brilliant 30: Chaewook Lim
Incorporating Hanji to Recreate Contemporary Jin-Gyeong Sansu
Chaewook Lim, Contemporary Jin-Gyeong Sansu
(realism in landscape painting - 眞景山水) on the Balance of Contradiction
Artist Chaewook Lim has walked a path quite unlike most other artists who graduate from art college and begin their creative work. During his undergraduate studies, Lim entered and won an open competition where he was awarded a Ministerial Prize. He has also been a venture entrepreneur for more than a dozen years. It has not been very long since Lim left the office and returned to the studio, but his life and experiences beyond the studio walls have deeply enriched the his current work. Everything he encounters and his perception of reality lay the foundations for this artist's unique contemporary interpretation of Jin-Gyeong Sansu photography. In that capacity, it is worth mentioning that his earliest photographic works were of the Solseom Island of Wolcheon, the site of a serious environmental degradation problem.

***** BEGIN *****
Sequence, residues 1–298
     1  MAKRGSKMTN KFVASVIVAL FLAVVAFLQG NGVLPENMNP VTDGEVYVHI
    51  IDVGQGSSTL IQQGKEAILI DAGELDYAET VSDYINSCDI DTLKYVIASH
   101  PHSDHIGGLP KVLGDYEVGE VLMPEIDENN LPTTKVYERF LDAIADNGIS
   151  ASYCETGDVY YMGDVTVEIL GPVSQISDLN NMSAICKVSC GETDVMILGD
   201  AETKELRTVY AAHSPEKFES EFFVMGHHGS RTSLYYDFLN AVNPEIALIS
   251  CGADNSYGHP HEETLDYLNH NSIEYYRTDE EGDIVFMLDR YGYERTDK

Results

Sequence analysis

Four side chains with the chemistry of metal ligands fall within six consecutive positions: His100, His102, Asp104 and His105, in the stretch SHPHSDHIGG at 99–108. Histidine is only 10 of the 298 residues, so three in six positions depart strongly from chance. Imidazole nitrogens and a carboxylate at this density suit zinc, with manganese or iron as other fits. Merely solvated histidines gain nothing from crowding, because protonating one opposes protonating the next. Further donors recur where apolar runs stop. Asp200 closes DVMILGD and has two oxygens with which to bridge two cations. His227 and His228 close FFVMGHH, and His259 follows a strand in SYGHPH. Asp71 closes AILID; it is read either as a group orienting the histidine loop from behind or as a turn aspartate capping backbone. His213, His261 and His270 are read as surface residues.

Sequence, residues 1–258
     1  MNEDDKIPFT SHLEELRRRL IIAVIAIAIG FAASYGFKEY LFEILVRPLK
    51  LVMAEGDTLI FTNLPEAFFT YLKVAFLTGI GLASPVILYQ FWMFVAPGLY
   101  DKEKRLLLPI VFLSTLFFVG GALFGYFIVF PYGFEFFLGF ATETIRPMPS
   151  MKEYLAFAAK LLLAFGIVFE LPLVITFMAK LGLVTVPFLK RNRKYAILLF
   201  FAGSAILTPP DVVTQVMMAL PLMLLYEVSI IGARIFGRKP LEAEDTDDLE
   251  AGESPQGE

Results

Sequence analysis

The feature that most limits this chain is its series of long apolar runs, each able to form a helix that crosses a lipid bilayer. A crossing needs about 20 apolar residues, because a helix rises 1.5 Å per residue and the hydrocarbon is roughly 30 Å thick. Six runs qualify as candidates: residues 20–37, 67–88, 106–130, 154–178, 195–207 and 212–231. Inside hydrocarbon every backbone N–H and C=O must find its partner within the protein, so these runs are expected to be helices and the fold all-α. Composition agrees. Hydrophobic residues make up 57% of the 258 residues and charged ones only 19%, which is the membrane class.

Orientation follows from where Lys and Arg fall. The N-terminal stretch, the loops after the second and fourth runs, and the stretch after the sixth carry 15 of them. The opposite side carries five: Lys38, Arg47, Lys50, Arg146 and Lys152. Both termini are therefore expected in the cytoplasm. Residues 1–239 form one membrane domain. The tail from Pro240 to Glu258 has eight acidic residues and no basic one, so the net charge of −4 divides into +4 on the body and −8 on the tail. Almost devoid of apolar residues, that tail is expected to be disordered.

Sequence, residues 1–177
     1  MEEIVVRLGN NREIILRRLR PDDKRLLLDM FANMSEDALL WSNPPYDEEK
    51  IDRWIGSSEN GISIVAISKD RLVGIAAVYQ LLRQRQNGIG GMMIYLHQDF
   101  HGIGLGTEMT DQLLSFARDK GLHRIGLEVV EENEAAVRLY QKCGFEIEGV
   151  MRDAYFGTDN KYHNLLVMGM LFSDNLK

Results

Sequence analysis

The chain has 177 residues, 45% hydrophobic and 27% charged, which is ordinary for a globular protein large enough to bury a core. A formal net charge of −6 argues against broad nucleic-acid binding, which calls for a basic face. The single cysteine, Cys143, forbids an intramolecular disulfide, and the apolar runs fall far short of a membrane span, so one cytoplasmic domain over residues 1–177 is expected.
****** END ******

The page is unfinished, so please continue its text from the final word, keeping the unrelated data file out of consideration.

Painting does not have many limitations when selecting a color palette; photography is limited by the colors that are already present in the subject. Lim takes an experimental approach to his photography, capturing frames rich with a wide range of colors. Once the artist turned his lens to the mountains, colors were removed and the ridgelines were highlighted. And when he chose to print on Korean traditional mulberry paper called "hanji," rather than the standard photographic paper, his <Snow Mountains> series took on a natural look like that of a traditional Indian-ink painting. Recently, Chaewook Lim has been working with "relief photography." Combined with the effects of creases in the hanji material, the artist visually expresses diverse emotions and energies that exist between painting and photography, the second and third dimensions, the traditional and what is contemporary, reality and imagination. As such, the artist's works impart a particular charm found in a certain balance of contradictions, presenting the extant mountain to the viewer and making it a reality unfolding before their eyes.